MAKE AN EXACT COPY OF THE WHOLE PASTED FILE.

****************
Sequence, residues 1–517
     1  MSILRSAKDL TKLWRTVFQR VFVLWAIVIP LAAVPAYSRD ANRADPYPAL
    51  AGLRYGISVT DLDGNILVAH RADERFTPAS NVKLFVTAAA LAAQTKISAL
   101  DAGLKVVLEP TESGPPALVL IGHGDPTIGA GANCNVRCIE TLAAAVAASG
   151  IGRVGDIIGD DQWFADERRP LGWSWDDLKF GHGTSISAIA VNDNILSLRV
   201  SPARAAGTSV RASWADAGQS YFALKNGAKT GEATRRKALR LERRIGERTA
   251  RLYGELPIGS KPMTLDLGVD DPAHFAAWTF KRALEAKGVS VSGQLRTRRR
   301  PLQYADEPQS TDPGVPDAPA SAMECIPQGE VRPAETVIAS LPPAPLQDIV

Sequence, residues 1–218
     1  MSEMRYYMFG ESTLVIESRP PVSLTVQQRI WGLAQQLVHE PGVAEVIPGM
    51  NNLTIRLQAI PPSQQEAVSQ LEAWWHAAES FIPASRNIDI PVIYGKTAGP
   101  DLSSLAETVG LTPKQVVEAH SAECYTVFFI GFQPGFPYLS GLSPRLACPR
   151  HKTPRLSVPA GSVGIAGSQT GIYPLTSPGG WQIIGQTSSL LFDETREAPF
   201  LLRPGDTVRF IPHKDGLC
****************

Sequence, residues 1–517
     1  MSILRSAKDL TKLWRTVFQR VFVLWAIVIP LAAVPAYSRD ANRADPYPAL
    51  AGLRYGISVT DLDGNILVAH RADERFTPAS NVKLFVTAAA LAAQTKISAL
   101  DAGLKVVLEP TESGPPALVL IGHGDPTIGA GANCNVRCIE TLAAAVAASG
   151  IGRVGDIIGD DQWFADERRP LGWSWDDLKF GHGTSISAIA VNDNILSLRV
   201  SPARAAGTSV RASWADAGQS YFALKNGAKT GEATRRKALR LERRIGERTA
   251  RLYGELPIGS KPMTLDLGVD DPAHFAAWTF KRALEAKGVS VSGQLRTRRR
   301  PLQYADEPQS TDPGVPDAPA SAMECIPQGE VRPAETVIAS LPPAPLQDIV

Sequence, residues 1–218
     1  MSEMRYYMFG ESTLVIESRP PVSLTVQQRI WGLAQQLVHE PGVAEVIPGM
    51  NNLTIRLQAI PPSQQEAVSQ LEAWWHAAES FIPASRNIDI PVIYGKTAGP
   101  DLSSLAETVG LTPKQVVEAH SAECYTVFFI GFQPGFPYLS GLSPRLACPR
   151  HKTPRLSVPA GSVGIAGSQT GIYPLTSPGG WQIIGQTSSL LFDETREAPF
   201  LLRPGDTVRF IPHKDGLC